The next match is Ric Flair vs Macho Man Randy Savage for the United States Heavyweight Championship of the World. Though the feud had been overdone by this point, it’s still pretty cool to see a WrestleMania rematch taking place in the same building that I once pinned an opponent in 16 seconds (I was an amateur wrestler in school before I realized I had very little athletic ability). The match itself isn’t even that great. Lots of punches (from Savage) and begging off (from Flair). The match ends with Hollywood Hogan nailing the Macho King with a laughably weak chair shot, before rolling him into the ring for Flair to get the pin. The announcers seem to hint that Flair could be the NWO’s 4th Guy, even though Hogan and Flair are scheduled to wrestle each other 3 days later at Clash of the Champions.

Hogan himself confirms that Flair isn’t the 4th guy when he’s interviewed by Mean Gene Okerlund. Hogan says that the reason he helped Flair was just cause he wants The Nature Boy to be in his top form for their match at The Clash. He also dubs Flair “Stupid Little Man,’ which is one helluva insult, if I do say so myself.

And look at that, with just about 10 minutes left in the show, it looks like we are getting The Outsiders vs. Sting and Luger. Hall and Nash come out and Luger immediately rushes out and begins fighting both men. Sting follows suit and then all-out bedlam transpires. The two teams battle back and forth until Luger, much like he did at Bash at the Beach, gets hurt and Sting is forced to take The Outsiders on by himself until…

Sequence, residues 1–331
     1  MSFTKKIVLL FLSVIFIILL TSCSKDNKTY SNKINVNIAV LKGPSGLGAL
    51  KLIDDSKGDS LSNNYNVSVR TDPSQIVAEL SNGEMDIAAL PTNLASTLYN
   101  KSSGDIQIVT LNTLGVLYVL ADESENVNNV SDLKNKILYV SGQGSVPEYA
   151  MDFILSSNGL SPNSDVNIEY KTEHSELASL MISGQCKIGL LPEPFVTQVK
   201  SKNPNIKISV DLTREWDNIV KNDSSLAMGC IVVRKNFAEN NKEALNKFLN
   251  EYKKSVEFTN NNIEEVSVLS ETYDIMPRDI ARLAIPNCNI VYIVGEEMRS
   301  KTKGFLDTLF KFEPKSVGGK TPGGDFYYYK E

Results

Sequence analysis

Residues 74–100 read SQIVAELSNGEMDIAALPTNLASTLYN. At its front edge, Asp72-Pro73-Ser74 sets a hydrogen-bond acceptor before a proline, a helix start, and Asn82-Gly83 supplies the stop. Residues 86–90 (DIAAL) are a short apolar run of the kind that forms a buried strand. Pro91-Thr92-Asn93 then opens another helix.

The Four Horseman make the save!

Now, listen. As I’ve said, I wasn’t yet a pro wrestling fan by 1996. But now I understand the significance of the Horsemen saving Sting and Luger. This is a big moment, yet it seems like the announcers are more concerned with talking about Nick Patrick.

Mene Gene Okerlund interviews Flair, who says that even though he doesn’t like Sting or Luger, they’re still WCW. This seems like a significant moment in WCW’s battle against the NWO and I wish the announcers would have put it over more. They end the show by plugging the following Thursday’s Clash of the Champions (which, for some reason, is not available on Peacock. God, I hate Peacock.).

Now it’s time to (metaphorically) switch the channel over to Raw. Let’s see what Vinnie Mac and Co. have in store for us.

WWF Monday Night Raw– August 12, 1996

Running Time: 48 Minutes

The Venue: The Key Arena, Seattle, Washington.

The Show: We open with a recap of recent events regarding Ahmed Johnson’s ruptured kidney. I don’t remember if Johnson was legitimately injured or not but, storyline-wise, they blame his injury on Farooq.

Then we get the catchy Raw theme and out first are Sunny and her liege, the aforementioned Farooq. Farooq is taking on Sunny’s real-life husband, Chris Candido. Farooq, a former (and, it should be noted, the only black) WCW Champion, beats Candido with The Dominator and doesn’t even lose his Spartacus helmet in the process.